Radiating an Erythropoietic Mesenteric Mass
Dear OncoLink "Ask the Experts,"
My wife has had polycythemia vera which was diagnosed in 1964. She was treated initially with frequent phlebotomies during the first decade of her illness. She developed splenomegaly and underwent surgical splenectomy in 1984. In the early 1990s she went into post polycythemic myeloid metaplasia with bone marrow fibrosis. She has been on hydroxyurea and has been receiving Epogen for anemia. She has developed mesenteric mass, which has been followed by CT scan. It is the foci of extramedullary hematopoiesis, although no biopsy was taken because of her coagulopathy. It has enlarged to the size of a full term pregnancy during the past several months. Her doctor is suggesting radiation therapy, hoping to reduce the abdominal mass. He states that he has had experience in radiation therapy for the splenomegaly, but not for the mesenteric mass.
My question to you is: do you have any experience in radiating erythropoietic mesenteric mass secondary to post-polycythemic myeloid metaplasia in order to reduce its size? I would appreciate your response.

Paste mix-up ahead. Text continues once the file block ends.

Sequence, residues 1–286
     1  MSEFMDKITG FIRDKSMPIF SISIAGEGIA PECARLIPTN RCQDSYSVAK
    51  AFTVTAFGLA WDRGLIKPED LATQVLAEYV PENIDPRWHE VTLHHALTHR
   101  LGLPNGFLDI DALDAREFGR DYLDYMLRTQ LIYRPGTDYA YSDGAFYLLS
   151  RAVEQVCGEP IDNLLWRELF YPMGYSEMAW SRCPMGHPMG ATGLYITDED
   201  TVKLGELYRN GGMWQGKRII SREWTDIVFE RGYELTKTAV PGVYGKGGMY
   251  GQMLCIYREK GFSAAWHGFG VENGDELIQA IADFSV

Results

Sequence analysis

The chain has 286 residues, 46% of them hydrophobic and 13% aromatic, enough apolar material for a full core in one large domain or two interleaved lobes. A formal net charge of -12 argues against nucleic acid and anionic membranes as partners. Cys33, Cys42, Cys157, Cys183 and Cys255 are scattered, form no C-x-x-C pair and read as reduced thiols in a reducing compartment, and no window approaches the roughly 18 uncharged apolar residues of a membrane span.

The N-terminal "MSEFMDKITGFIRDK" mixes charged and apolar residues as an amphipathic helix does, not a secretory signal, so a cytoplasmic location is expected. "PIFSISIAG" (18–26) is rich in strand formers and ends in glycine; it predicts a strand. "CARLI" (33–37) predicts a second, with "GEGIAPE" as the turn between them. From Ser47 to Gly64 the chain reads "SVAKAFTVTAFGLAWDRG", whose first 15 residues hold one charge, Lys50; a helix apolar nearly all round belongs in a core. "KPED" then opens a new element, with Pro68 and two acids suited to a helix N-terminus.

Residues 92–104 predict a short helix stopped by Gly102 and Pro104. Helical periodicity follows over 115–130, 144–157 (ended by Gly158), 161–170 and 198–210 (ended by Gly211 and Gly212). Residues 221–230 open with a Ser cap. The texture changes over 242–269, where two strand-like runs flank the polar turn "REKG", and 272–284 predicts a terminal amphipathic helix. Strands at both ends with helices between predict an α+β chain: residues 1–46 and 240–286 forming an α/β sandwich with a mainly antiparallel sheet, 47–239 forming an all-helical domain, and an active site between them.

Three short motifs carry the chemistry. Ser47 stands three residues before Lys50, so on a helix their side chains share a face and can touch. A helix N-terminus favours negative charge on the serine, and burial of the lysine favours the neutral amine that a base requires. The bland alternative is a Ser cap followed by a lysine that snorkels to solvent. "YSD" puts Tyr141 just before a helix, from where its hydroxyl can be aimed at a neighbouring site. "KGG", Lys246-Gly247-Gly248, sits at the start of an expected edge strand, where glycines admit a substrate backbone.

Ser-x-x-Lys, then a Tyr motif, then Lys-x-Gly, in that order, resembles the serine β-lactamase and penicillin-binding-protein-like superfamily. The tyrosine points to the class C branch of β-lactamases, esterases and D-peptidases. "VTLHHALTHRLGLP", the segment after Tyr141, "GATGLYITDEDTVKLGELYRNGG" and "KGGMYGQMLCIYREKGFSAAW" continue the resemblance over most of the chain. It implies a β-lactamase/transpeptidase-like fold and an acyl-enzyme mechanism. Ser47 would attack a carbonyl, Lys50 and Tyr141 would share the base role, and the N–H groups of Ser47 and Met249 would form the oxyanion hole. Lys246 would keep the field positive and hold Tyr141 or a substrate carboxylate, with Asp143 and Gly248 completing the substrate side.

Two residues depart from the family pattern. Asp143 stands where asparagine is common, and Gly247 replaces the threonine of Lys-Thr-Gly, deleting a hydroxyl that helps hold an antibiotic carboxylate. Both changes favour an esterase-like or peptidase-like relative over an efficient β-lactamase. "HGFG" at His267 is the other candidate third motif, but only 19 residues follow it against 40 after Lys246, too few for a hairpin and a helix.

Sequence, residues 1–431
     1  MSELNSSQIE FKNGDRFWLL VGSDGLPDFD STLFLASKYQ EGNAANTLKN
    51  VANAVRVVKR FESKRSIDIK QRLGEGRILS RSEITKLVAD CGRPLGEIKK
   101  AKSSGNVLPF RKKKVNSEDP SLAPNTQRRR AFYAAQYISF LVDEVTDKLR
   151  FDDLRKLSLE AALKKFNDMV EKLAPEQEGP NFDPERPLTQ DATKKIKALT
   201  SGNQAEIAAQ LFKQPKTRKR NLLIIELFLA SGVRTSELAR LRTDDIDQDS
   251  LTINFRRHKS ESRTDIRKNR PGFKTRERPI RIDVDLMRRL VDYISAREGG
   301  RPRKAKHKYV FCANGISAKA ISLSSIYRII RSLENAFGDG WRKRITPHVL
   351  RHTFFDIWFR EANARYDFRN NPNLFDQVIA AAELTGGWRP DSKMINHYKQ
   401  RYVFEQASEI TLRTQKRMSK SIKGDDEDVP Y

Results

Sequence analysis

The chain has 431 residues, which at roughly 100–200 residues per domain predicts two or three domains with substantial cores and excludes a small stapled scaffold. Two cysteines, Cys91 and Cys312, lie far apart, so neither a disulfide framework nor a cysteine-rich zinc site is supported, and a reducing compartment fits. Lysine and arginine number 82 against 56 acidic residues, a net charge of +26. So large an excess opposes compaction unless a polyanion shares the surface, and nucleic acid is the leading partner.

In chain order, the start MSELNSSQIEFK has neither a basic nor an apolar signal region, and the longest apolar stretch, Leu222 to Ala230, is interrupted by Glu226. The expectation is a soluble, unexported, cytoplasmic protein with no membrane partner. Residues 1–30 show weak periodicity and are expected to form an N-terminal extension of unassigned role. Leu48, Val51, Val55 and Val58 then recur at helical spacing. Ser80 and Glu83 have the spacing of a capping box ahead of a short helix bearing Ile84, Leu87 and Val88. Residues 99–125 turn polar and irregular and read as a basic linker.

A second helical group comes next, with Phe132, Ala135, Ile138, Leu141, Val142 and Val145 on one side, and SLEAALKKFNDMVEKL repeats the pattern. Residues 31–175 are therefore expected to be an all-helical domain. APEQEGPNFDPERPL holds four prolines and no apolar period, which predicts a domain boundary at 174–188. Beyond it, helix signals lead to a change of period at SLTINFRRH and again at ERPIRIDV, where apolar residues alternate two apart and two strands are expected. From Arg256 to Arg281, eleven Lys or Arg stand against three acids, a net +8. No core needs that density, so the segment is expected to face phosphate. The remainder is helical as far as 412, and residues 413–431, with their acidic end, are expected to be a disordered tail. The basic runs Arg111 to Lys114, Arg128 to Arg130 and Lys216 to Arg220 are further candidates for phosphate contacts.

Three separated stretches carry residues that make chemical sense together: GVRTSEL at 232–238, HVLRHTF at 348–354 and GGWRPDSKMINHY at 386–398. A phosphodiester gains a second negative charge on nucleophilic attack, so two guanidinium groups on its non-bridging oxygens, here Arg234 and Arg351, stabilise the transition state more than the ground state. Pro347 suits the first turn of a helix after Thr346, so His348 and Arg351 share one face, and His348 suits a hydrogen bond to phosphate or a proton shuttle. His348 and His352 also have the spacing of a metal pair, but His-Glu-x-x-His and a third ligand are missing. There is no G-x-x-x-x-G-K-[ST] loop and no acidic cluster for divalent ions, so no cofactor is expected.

Li Liu, MD, OncoLink Editorial Assistant, responds:
Dear Dr. K:
Thank you for your interest and question.
It is not uncommon to see patients with polycythemia vera presenting with extramedullary hematopoiesis. Radiation therapy can be used, but under certaincircumstances. First of all, your wife should have a very thorough physical examination and radiographic studies to fully evaluate the status of her disease. Tissue diagnosis prior to treatment to ensure correct diagnosis and rule out other causes for an abdominal mass may also be considered.
In addition, as you mentioned in your letter, your wife's bone marrow is fibrotic. If her bone marrow is not functioning at all, then this mesenteric mass could be the only focus of extramedullary hematopoiesis to keep her alive. Therefore irradiating this mass could cause fatal consequence. One physician at the University of Pennsylvania has treated several cases for pain due to these masses, with good results. Only one or two cases were treated to reduce the size of the mass, and these seemed to respond partially to somewhat higher doses.
I would recommend you and your wife consult a radiation oncologist to discuss the pros and cons of radiation treatment and to explore other treatment options as well.
OncoLink is designed for educational purposes only and is not engaged in rendering medical advice or professional services. The information provided through OncoLink should not be used for diagnosing or treating a health problem or a disease. It is not a substitute for professional care. If you have or suspect you may have a health problem or have questions or concerns about the medication that you have been prescribed, you should consult your health care provider.
Information Provided By: www.oncolink.org | © 2016 Trustees of The University of Pennsylvania